This report was co-written by NewClimate Institute and the Institute for Climate Economics (I4CE).

The first global stocktake decision text calls to accelerate efforts “towards the phase-down of unabated coal power”. Associated with this discussion are the questions of how to bring about a just transition and shift towards renewables, but also of what to do with the existing infrastructure and sites. The caveat “unabated” opens the door for abatement technologies which threaten to undermine rapid phase-out efforts. Various phase-out strategies include propositions that promote co-firing with other fuels such as biomass, hydrogen, or ammonia. Others promote retrofitting existing infrastructure with carbon capture and storage technology.

With their historical role in funding coal capacity and public mandate, public development banks have a crucial role in enabling coal phase-out but should proceed cautiously to ensure they do not inadvertently set perverse incentives. As there is no consensus on a definition for transition finance nor technical criteria for qualifying sectors, there is a high risk of using scarce public funds to enable technologies that result in little decarbonisation impact. 

This report explores many of the risks associated with proposals for abatement technologies and carbon credits in more detail as an input to current discussions on early coal retirement. The main arguments are highlighted below:


  • Retrofitting to co-fire could create perverse incentives to keep plants online longer to recover not only the initial investment but also the costs associated with retrofitting.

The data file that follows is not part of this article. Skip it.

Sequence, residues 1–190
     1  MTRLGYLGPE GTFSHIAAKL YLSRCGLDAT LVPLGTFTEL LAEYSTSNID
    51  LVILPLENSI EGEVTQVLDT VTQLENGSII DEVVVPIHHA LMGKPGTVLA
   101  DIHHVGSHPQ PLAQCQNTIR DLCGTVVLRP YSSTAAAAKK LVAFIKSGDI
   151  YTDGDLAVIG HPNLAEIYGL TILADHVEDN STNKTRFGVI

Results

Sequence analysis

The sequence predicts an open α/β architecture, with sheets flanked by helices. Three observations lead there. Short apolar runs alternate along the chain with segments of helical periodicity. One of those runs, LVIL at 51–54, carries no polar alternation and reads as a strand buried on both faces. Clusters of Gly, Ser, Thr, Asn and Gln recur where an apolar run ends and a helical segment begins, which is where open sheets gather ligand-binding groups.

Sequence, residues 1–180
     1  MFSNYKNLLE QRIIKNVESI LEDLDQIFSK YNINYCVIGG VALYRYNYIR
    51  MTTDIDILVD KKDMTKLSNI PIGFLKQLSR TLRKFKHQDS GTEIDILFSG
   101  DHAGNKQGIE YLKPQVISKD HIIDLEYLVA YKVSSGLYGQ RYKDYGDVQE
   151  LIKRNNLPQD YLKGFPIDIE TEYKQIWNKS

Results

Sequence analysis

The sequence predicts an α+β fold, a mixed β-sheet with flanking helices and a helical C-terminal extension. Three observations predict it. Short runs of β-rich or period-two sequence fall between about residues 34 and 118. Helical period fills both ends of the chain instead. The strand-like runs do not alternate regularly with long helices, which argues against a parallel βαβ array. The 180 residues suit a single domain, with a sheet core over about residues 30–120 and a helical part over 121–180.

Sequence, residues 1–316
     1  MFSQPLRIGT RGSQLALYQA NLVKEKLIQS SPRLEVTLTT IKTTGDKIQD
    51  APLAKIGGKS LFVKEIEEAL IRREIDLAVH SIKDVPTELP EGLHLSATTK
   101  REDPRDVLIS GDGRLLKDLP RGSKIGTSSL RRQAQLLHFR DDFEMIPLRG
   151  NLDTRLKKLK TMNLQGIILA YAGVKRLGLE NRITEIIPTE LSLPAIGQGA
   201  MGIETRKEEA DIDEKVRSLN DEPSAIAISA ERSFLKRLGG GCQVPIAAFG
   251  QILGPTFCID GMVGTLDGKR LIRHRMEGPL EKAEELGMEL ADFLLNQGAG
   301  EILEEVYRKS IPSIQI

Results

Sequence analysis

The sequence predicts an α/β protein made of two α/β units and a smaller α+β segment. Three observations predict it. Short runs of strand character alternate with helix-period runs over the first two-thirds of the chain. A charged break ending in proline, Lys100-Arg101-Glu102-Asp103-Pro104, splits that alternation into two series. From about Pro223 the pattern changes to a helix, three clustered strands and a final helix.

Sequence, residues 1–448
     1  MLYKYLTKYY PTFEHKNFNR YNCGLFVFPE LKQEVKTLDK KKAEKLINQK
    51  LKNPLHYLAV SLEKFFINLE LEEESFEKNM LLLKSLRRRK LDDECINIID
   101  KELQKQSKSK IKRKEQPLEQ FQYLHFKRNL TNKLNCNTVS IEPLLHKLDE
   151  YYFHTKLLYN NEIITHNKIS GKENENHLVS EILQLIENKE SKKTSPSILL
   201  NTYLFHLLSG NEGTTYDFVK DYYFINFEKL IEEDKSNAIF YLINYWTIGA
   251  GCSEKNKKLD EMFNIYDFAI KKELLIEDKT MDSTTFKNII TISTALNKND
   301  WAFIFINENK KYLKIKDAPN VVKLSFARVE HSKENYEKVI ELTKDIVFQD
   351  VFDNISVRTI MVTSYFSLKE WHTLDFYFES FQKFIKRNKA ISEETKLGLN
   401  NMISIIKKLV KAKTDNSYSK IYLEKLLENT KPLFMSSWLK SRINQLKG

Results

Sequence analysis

• Co-firing or the potential to switch to an alternative fuel in the future should not be utilised as justification to extend the life of fossil fuel infrastructure today.

Complete conversion

  • In most instances, plant conversion (to biomass) represents a false solution with incomplete emission reduction that does not eliminate the significant risk of stranding or the necessity for early retirement. 
  • Firing with synthetic fuels relies on the future availability of cost-competitive green fuels, a challenge that demands substantial production scaling and poses uncertainties. 

Carbon capture (utilisation) and storage 

  • The technology faces several technical and economic challenges and is not currently a commercially viable option and available at a scale that would meet the demand indicated in national planning. 
  • CCS and CCUS offer incomplete emission reduction and often do not address pre-combustion emissions. Financing early retirement with carbon credits 

Financing early retirement with carbon credits

  • The use of credits as a mechanism to fund cutting emissions from coal generation, without robust safeguards, can introduce misaligned incentives and delay cutting emissions in other sectors. 

Public development banks should exercise caution in engaging with coal phasedown to avoid setting perverse incentives that might extend plant lifetimes, offer incomplete emission reductions, and shift focus away from early retirement. Solutions that advocate cutting emissions while still relying on coal usage represent false solutions that fail to address the urgency of the climate crisis.

This report may be read in conjunction with a separate publication, Financing coal phase-out: Public development banks’ role in the early retirement of coal plants.

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